Pulmonary tuberculosis in prisons of the ex-USSR state Georgia: results of a nation-wide prevalence survey among sentenced inmates
OBJECTIVES: To measure the prevalence of active pulmonary tuberculosis and drug-resistant disease among prisoners. To identify factors associated with active tuberculosis and multidrug resistance (MDR).
DESIGN: A comprehensive multiphasic screening survey for tuberculosis.
RESULTS: The prevalence of smear- or culture-positive tuberculosis was 5995 per 100000 prisoners (n = 448 cases among 7473 inmates). Of all the strains, 215 (77.9%) were resistant to at least one drug and 37 (13.0%) were MDR. Independent risk markers associated with smear- or culture-positive tuberculosis included prison stay of 2 years or more, body mass index <20 kg/m2, accommodation in a large size prison, previous anti-tuberculosis treatment, cough of 2 weeks or more and loss of appetite. Risk markers associated with MDR were a prison stay of less than 2 years and being over 25 years of age.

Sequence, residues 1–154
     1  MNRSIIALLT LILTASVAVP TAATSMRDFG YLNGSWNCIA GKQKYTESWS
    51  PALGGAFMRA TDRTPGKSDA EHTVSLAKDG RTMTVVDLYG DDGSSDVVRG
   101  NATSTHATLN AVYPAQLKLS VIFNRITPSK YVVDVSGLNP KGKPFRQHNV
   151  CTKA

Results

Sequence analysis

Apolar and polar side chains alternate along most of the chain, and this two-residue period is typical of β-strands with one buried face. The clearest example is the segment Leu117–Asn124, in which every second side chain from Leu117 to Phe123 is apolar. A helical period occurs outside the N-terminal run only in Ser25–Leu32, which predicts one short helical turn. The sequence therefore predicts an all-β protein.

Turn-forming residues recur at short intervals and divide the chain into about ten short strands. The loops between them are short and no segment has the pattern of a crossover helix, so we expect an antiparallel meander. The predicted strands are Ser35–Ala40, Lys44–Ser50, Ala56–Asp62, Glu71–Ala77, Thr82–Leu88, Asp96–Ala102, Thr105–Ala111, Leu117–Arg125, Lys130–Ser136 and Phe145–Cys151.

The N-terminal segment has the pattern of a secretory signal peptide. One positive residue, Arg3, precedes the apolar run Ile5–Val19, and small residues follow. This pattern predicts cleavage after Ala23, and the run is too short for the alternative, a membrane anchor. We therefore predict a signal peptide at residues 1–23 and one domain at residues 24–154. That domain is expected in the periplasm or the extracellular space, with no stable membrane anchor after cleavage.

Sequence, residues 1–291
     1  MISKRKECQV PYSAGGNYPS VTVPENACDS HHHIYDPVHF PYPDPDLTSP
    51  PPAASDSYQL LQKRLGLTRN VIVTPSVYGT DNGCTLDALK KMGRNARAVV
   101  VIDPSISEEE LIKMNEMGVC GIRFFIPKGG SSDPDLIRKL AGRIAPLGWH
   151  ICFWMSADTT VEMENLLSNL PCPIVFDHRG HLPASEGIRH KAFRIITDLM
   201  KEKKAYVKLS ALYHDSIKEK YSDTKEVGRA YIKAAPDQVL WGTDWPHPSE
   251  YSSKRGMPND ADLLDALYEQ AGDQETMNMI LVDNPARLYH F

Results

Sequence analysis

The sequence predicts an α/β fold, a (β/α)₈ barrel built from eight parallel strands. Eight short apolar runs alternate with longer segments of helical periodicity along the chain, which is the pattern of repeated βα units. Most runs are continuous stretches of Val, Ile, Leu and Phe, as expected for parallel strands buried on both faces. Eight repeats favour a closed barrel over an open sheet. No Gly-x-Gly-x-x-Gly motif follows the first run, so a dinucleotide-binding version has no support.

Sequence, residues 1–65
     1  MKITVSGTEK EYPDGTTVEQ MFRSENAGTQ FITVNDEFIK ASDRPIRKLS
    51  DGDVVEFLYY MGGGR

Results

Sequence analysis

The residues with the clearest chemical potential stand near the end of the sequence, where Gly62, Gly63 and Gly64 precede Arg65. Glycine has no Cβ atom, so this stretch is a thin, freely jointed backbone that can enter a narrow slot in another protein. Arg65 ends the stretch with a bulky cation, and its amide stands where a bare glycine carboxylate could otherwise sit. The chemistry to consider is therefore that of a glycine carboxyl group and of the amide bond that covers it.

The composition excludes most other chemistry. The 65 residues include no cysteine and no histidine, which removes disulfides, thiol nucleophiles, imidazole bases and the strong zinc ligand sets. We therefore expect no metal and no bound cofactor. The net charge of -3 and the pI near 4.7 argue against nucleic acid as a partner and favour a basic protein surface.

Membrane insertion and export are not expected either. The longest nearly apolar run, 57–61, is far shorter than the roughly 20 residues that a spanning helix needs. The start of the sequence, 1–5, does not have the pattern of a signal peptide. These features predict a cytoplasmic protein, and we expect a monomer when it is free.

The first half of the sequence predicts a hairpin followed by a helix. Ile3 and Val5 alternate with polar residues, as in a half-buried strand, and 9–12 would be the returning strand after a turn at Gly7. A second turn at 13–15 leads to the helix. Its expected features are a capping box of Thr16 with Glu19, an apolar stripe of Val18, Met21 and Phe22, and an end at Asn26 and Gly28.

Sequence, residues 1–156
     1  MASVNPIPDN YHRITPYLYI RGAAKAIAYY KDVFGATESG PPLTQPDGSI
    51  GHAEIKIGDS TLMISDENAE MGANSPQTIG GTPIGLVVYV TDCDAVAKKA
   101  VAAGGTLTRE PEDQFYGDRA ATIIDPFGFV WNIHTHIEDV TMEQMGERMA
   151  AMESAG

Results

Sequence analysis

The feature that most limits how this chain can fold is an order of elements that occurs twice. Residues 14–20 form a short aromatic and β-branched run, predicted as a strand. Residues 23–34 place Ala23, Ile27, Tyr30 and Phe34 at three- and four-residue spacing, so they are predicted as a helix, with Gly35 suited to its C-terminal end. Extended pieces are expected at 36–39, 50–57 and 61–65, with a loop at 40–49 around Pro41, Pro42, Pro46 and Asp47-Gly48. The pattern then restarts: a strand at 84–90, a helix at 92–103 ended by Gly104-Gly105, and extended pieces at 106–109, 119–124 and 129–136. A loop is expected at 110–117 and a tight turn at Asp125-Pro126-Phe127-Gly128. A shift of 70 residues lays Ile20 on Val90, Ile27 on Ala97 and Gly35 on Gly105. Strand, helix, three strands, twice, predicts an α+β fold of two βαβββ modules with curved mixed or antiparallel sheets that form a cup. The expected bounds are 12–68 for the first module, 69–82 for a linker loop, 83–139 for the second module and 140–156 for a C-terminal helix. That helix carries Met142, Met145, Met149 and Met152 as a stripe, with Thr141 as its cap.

CONCLUSIONS: In Georgia, the excess risk for tuberculosis among prisoners is unprecedented, suggesting that prisons represent a significant reservoir of tuberculosis. Only a comprehensive strategy for tuberculosis control in prisons, including prison reform, control of anti-tuberculosis drugs, and prompt and efficient diagnosis and treatment of patients can have an impact on the tuberculosis burden in the prison system.
Document Type: Regular Paper
Affiliations: 1: Health Services Unit, International Committee of the Red Cross (ICRC), Geneva, Switzerland 2: Tuberculosis Control Programme, ICRC, Georgia 3: National Tuberculosis Reference Laboratory, National Tuberculosis Control Programme, Ministry of Health, Georgia 4: Health Services of the Execution of Sentences Department, Ministry of Internal Affairs, Georgia 5: Unit of Mycobacteriology, Department of Microbiology, Prince Leopold Institute of Tropical Medicine, Antwerp, Belgium 6: Centre Hospitalier Universitaire Vaudois, Switzerland
Publication date: 01 December 2000
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